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Notice:  All posts made by me are my OPINION.  I am not responsible for any comments by others!  The Citizens' Report is provided as a public service to the citizens of Georgetown County for them to report and comment on the news.
concernedperson
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« Reply #3 on: April 21, 2019, 09:44:10 PM »

Another month has gone by. Anything being done about the port?
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Tom Rubillo
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« Reply #4 on: April 22, 2019, 02:13:37 PM »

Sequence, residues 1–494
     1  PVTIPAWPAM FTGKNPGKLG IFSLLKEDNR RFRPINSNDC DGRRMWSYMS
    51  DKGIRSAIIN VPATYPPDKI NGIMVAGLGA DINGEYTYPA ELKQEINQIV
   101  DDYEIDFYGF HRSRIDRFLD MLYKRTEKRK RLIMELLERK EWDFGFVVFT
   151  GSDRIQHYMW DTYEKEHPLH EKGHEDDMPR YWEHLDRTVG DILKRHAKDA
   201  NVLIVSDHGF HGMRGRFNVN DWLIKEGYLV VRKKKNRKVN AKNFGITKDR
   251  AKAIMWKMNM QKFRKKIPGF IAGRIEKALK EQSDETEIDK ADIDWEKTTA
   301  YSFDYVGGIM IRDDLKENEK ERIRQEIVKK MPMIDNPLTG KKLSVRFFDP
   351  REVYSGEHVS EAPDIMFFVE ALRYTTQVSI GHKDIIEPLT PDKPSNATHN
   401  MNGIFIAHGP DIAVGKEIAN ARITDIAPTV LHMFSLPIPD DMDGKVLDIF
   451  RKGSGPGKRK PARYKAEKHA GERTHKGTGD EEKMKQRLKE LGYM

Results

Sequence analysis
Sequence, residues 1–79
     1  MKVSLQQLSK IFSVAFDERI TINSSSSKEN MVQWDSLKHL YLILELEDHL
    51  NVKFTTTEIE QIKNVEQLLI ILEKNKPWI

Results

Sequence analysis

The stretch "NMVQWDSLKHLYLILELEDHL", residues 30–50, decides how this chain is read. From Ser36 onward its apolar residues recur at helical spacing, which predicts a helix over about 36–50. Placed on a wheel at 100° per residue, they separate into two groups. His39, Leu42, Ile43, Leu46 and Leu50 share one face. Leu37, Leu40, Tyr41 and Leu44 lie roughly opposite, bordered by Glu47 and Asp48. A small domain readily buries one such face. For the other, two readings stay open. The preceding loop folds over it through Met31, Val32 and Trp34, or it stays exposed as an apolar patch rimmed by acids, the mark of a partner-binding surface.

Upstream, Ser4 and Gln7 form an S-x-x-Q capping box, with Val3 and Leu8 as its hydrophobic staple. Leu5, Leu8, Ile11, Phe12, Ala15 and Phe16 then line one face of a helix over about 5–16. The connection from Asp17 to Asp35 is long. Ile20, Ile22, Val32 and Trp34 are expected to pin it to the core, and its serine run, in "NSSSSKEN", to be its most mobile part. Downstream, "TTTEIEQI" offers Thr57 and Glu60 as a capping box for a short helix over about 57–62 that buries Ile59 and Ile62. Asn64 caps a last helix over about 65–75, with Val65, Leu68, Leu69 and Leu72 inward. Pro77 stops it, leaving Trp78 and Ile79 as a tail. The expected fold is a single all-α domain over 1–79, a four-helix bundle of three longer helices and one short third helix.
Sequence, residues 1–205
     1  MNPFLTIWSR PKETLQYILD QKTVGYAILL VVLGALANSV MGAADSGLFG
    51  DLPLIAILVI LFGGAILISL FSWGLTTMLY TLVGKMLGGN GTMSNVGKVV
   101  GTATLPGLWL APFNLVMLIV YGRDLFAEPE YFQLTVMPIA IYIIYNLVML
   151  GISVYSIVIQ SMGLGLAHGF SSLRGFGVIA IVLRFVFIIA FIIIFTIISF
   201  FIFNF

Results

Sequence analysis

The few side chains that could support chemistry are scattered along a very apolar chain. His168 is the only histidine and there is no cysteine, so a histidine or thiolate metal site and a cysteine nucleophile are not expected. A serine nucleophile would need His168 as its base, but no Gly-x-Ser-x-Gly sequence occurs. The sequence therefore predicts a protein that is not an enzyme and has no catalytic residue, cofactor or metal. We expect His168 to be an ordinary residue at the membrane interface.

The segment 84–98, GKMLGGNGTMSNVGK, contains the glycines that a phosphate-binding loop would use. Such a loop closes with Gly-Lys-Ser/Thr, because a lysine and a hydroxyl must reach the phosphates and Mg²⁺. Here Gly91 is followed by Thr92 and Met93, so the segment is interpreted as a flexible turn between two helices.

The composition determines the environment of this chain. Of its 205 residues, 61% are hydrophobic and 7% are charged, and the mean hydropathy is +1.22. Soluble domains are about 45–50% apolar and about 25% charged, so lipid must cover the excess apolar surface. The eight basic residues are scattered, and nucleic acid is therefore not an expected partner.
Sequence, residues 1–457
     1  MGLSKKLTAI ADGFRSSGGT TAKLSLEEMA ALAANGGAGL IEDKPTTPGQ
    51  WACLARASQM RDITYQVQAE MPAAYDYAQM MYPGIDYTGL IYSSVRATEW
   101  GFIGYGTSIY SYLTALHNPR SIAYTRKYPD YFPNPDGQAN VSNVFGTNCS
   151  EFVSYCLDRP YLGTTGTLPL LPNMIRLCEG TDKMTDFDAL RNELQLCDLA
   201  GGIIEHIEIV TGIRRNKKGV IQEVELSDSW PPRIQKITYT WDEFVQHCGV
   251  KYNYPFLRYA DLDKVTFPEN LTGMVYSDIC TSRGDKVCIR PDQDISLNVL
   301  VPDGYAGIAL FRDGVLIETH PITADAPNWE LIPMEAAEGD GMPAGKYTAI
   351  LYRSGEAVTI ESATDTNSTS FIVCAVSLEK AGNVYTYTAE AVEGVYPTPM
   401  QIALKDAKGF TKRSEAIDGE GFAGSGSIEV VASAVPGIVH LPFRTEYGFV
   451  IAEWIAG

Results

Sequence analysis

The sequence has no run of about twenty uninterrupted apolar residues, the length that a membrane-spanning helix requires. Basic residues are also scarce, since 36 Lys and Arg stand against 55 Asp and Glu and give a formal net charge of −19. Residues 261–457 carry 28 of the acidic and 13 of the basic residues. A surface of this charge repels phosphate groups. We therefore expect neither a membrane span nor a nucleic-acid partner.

Yeah, I noticed.  It is just one of the numerous eyesores that create a very slovenly impression to all who pass through town.  Other very obvious examples include (but certainly are not limited to) (1) the very unsightly and highly contaminated steel mill property along Front Street between Dozier and Wood recently made much more visible by removal of the old solid fence and its replacement by a see-through chain link one, (2) long abandoned buildings (a) or the corner of Prince and Dozier that used to be the offices of Greene Construction Co., (b) a long abandoned building near the corner of Dozier and Front adjacent to the railroad tracks, (c) several abandoned buildings along Fraser south of Front Street and across the street from the steel mill, (d) the abandoned bank building and abandoned Winyah Gym on the site of the old Potter's Field, (e) the unsightly mess maintained by the ice company on the Potter's Field site at the corner of Highmarket and Fraser, (e) the long vacant and abandoned "Playboy Gardens" on Merriman Road, (f) several abandoned and crumbling houses along Merriman Road, (g) two overgrown lots with a falling down shack on one of them on Merriman Road a block or so past Winyah St on the right hand side as you head toward the paper mill, and a long abandoned "supermarket" building about a block south of Front Street near 1st Calvary Baptist Church,  Aside from giving the town a very run down appearance, each of these abandoned locations is a fire hazard, a potential crime scene, an "attractive nuisance" potentially luring children, vagrants, drug users and others to misadventure., potential breeding grounds for rats, snakes and other vermin, and, of equal importance, detract from the value of surrounding real estate and, indeed, of all property in the City of Georgetown.  All of these eyesores need to be cleaned up.  There is an existing procedure set out in both state law and local ordinances for putting property owners on notice and requiring that they abate the nuisances they are creating, renovate their buildings and bring them up to existing building codes or tear them down and clear the property of debris.  Once on notice, owners have 90 days to act.  If they fail to do so, the city can tear the properties down and charge the cost back to the property owner.  This is done by placing a lien on the property that has to be satisfied when the property is sold or, in the alternative, by foreclosure and forced sale.  It is all quite legal.  The procedure was successfully followed to demolish a "drug supermarket" during my tenure at City Hall.     While I understand that this all sounds quite heavy handed, it is no more so than the actual economic and reputational harm being inflicted on the city and its residents by neglectful, uncaring property owners who are perfectly willing to assault the eyes of passers by, diminish the value of surrounding properties owned by their neighbors, and allow their unsightly and slovenly messes to diminish the opinions of visitors and potential investors about the quality and beauty of Georgetown.    Do I make myself clear or is further explanation required?